Report on Ethiopian plane crash finalized: Aridi

Public Works Minister Ghazi Aridi. Photo by Mohammed Azakir, The Daily Star.
Public Works Minister Ghazi Aridi. Photo by Mohammed Azakir, The Daily Star.
Public Works Minister Ghazi Aridi. Photo by Mohammed Azakir, The Daily Star.
Public Works Minister Ghazi Aridi. Photo by Mohammed Azakir, The Daily Star.

By Darwish Ammar, The Daily Star

BEIRUT: The official report on the Ethiopian plane crash which killed 90 people after taking off from Beirut in January 2010 has been finalized, the public works minister said Thursday.

The report will be sent to the U.S., France and Ethiopia for a 60-day review process, after which Aridi said Lebanon will take the necessary legal action.

“The report is finalized but it will be made public after the 60-day grace period … And then, the Lebanese authorities will carry out the legal and technical procedures,” Ghazi Aridi said during a press conference held at Rafik Hariri International Airport.

The Ethiopian Airlines jet crashed into the Mediterranean less than four minutes after takeoff on Jan. 25, 2010, after performing two maneuvers ordered by Beirut’s Air Traffic Control team. All 90 people aboard were killed.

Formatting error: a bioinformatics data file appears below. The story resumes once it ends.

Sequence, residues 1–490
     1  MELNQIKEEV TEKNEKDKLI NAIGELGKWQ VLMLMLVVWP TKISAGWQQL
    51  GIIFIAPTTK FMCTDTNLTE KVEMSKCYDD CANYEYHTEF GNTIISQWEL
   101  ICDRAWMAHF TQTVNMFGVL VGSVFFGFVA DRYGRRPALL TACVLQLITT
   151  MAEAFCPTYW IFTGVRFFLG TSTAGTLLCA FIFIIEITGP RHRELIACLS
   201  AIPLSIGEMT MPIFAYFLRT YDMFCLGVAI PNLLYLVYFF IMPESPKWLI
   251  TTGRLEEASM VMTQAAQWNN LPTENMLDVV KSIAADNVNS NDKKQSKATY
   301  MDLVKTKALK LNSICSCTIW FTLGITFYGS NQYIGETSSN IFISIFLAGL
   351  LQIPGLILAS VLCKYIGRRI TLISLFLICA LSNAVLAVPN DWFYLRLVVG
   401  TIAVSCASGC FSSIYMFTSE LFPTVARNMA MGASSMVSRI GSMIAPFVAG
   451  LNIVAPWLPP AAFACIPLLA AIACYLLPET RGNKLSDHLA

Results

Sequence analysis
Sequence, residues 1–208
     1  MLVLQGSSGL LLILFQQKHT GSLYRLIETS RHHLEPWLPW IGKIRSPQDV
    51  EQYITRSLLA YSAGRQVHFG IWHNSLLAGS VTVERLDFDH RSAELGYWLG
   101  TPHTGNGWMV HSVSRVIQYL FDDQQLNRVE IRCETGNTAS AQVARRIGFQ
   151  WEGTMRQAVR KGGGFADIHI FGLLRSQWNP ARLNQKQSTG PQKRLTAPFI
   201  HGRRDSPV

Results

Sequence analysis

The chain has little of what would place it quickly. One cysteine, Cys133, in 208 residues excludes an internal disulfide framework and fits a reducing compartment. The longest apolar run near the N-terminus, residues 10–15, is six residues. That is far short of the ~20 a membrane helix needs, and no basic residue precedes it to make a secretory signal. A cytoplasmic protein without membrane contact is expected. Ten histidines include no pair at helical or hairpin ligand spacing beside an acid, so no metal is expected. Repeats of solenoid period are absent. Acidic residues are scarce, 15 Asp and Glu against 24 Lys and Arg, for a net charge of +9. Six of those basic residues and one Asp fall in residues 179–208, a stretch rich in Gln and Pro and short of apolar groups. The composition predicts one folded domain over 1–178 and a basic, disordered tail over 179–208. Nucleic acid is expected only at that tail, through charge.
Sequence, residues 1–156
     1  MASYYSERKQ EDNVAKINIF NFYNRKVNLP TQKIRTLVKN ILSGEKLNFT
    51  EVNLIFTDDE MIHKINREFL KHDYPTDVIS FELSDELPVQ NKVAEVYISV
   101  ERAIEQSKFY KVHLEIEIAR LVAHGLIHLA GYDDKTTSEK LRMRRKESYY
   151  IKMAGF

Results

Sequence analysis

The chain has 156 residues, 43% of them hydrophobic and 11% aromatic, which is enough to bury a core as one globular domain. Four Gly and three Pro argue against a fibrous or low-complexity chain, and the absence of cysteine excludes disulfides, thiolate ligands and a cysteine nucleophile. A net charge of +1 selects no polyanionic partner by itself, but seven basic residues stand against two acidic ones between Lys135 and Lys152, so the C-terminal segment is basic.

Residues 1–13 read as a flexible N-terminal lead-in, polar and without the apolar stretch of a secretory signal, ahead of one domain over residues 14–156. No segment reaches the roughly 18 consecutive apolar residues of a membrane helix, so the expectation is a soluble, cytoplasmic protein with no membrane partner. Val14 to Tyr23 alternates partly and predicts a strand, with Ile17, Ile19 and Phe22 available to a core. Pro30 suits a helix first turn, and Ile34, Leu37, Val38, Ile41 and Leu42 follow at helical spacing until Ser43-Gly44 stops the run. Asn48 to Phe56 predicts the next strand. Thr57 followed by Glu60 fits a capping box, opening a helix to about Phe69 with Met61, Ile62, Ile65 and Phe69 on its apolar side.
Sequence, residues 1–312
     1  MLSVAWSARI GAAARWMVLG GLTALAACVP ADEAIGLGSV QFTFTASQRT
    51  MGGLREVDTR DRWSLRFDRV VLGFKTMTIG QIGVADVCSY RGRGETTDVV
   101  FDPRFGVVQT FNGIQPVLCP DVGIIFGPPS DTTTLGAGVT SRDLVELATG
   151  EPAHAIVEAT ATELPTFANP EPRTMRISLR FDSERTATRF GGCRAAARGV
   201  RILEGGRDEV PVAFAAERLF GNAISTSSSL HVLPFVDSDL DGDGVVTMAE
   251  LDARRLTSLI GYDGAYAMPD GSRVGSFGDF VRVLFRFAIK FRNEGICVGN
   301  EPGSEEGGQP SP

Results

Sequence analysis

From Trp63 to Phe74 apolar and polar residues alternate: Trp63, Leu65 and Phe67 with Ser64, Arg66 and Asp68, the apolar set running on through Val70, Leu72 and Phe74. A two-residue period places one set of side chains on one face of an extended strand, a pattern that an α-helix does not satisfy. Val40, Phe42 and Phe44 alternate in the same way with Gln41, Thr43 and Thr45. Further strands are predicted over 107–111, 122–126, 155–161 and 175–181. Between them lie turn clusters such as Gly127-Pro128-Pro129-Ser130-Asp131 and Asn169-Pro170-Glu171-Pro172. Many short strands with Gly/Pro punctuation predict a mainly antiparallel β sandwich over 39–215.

A joint investigation committee was created and managed by Lebanon’s Civil Aviation Authority to investigate the crash and was composed of Lebanese and Ethiopian representatives, along with individuals representing Boeing, the plane’s American manufacturer.

“In the next two days, the report will be … sent to the U.S. delegation considering it is the manufacturer and the Ethiopian authority and the French bureau of investigation which was involved in this case since day one.” The wife of the French Ambassador to Lebanon was killed in the crash.

The concerned authorities have 60 days to review the report and submit any remarks; otherwise, the report will be made public.

Aridi also said that an Ethiopian delegation arrived in Lebanon on Aug. 19 and held meetings with the head of the Lebanese delegation, Captain Mohammad Aziz, but left without any prior notice and without finalizing their meetings.

Aridi said that some of the victims’ families have begun their own legal procedures regarding the crash.

Aziz, who was also at the press conference in his first public appearance, said investigations into plane crashes usually take several years and every element should be taken into consideration.

“As investigators, we have taken into consideration everything that was presented to us from technical issues, to the weather problems, security or otherwise and everything is discussed in the report even if it is not related to the accident,” Aziz said.